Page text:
This kind of experiment can also be carried out with a variety of different types of radiation by simply using an appropriate source and detector and selecting an appropriate surface for the mirrors to reflect the radiation. For example, sources of visible light are a flame, the Sun, or an incandescent or fluorescent bulb, and the detector can be photographic film, a photographer's light meter, or even the human eye. The experiment also works well with a type of radiation similar to light, called infrared radiation, which is invisible to our eyes. It is called infrared because it is "below" red in the light spectrum. A hot iron or a flame produces infrared radiation. There are meters (as well as digital sensors and film) sensitive to infrared light that can be used as detectors. The energy of infrared radiation radiation is readily transferred to an object as heat, so a sensitive thermometer can also be used as a detector. The rise in temperature shown on the thermometer can be related to the intensity of the radiation.
By means of similar experiments, scientists have discovered other types of electromagnetic radiation, including ultraviolet, x-ray, and gamma radiation. Sound also acts as an intermediary for interaction at a distance, as can be shown by using a speaker or whistle as the source and a microphone or the human ear as the detector. Concert halls and musical instruments must be designed with careful attention to the behavior of sound radiation, and sonograms of the human body are a valuable use of sound radiation.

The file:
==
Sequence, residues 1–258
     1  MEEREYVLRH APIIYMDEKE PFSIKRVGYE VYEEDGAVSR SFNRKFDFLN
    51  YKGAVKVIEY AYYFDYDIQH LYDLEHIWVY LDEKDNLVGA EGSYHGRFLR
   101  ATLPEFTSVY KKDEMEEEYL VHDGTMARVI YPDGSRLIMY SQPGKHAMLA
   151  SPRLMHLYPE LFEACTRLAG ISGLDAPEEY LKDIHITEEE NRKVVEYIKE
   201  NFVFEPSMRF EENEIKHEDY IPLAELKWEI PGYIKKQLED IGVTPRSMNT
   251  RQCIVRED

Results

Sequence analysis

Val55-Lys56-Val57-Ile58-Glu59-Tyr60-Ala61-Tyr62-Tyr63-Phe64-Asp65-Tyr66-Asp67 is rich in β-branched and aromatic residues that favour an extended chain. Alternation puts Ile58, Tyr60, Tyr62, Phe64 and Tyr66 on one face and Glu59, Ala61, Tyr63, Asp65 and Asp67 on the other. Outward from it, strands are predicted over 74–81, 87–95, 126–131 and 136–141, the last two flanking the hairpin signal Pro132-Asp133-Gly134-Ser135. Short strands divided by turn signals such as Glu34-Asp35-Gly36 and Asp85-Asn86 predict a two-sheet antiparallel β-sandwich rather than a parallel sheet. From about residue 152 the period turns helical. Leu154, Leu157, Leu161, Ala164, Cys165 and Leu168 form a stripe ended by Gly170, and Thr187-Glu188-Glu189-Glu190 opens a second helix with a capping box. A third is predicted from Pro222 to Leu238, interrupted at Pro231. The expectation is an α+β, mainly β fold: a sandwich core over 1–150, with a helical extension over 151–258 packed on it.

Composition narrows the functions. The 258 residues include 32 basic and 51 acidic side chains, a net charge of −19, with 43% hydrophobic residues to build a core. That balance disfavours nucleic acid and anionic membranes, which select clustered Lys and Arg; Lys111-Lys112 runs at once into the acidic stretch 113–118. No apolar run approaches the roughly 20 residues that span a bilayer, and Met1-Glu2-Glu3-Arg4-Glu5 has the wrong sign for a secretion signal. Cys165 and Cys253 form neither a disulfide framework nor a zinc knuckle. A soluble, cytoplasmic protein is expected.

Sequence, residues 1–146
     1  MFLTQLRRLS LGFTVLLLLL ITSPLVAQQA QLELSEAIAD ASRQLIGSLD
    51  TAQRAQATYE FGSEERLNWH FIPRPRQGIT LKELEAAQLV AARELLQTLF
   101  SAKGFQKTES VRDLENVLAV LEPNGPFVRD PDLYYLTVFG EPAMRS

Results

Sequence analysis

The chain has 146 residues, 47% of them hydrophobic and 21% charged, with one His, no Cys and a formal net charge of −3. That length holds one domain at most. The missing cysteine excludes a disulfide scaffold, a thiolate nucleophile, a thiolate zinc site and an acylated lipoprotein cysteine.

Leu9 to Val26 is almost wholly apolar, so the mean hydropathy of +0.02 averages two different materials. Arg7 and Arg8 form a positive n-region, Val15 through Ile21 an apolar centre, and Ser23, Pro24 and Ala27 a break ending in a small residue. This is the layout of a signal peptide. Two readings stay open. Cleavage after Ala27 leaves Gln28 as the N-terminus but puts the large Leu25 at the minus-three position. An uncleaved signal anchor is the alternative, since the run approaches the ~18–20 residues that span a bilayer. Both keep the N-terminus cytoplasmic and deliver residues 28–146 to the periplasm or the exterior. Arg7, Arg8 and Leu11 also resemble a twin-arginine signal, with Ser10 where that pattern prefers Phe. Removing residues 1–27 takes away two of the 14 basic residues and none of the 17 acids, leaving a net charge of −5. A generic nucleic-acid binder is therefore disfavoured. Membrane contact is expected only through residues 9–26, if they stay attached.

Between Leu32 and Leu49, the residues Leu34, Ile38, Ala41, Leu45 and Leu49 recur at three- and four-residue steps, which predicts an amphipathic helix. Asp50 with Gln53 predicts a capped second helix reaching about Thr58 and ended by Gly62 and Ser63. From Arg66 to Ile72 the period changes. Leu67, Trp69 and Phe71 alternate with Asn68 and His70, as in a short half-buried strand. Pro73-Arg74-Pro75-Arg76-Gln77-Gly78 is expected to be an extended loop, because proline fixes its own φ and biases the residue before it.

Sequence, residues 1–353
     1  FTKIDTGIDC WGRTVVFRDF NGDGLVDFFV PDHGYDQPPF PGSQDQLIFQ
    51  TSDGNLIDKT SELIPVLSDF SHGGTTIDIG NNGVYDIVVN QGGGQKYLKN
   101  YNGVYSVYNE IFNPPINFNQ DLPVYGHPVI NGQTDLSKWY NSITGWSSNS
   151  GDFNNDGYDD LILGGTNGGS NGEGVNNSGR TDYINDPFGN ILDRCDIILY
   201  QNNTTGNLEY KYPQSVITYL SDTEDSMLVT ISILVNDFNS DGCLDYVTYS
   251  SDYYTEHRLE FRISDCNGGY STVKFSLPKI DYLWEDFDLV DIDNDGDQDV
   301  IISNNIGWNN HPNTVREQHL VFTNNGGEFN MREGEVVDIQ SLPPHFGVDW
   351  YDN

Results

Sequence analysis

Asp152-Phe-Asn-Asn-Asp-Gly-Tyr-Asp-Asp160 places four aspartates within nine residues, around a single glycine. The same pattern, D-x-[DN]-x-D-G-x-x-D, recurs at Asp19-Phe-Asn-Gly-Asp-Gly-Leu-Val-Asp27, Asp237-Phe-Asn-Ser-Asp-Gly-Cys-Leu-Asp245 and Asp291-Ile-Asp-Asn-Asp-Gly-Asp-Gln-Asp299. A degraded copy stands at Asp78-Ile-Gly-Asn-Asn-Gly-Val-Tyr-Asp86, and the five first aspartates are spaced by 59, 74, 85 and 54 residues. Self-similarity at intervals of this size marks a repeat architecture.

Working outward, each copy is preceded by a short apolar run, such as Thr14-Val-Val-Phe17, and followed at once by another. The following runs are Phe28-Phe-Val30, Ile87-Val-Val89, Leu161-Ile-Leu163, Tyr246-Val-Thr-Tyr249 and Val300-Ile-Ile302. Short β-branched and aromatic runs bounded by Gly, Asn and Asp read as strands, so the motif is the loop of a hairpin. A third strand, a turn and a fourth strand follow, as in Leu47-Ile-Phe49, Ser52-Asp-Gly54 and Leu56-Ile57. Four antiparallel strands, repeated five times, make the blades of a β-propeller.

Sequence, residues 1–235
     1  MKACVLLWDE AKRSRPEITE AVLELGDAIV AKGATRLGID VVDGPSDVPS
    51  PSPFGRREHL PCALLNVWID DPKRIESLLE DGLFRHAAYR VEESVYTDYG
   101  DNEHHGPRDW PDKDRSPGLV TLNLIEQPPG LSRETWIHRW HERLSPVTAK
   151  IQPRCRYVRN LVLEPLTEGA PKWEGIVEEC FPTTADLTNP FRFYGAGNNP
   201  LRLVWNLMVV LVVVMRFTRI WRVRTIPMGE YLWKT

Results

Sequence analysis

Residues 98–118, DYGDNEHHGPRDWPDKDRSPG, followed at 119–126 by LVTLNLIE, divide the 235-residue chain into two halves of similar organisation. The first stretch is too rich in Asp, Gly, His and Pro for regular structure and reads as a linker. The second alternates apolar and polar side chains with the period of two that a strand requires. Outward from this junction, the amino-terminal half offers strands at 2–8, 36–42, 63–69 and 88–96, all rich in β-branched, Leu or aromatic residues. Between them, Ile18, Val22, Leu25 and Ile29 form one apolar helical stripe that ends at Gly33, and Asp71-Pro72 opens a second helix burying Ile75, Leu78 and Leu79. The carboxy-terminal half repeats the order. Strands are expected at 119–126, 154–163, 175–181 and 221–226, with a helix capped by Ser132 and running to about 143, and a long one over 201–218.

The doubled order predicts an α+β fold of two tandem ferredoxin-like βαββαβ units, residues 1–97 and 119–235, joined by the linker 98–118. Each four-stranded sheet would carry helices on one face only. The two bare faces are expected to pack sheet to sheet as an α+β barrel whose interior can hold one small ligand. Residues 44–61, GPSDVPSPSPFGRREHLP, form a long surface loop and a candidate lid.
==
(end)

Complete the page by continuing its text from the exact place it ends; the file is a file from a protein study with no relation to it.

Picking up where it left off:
Finally, gravitational radiation is an interesting special case in which efforts at detection have not (yet) succeeded. Such radiation has been predicted theoretically, and there are no obvious reasons it should not exist. Gravitational radiation would be the intermediary, for example, between the Sun's mass and the gravitational force that keeps Earth in its orbit. In the same way that the visible light (as electromagnetic radiation) from a distant star takes many years to reach Earth, there should be a "delay" between the time that an event occurs (for example a stellar collision) and an observer at a distance "feels" the gravitational effects. However, in spite of many valiant efforts and construction of several "gravitational antennas" designed to detect such radiation, unambiguous evidence for a "signal" has not been found. In fact, in a celebrated case of how science works to correct errors, one scientist's claims for the discovery of gravitational radiation were initially acclaimed; but, after a number of years, other investigators found that his results could not be duplicated. After investigation and intense debate, his methodology was found to have been invalid (though probably not fradulent), and his claims have been rejected.
This Demonstration is based on an example from Chapter 3 of Introductory Physics: A Model Approach, Second Edition, by Robert Karplus (Captains Engineering Services, 2003). Additional interactive Mathematica Demonstrations are posted at www.fernwig.com.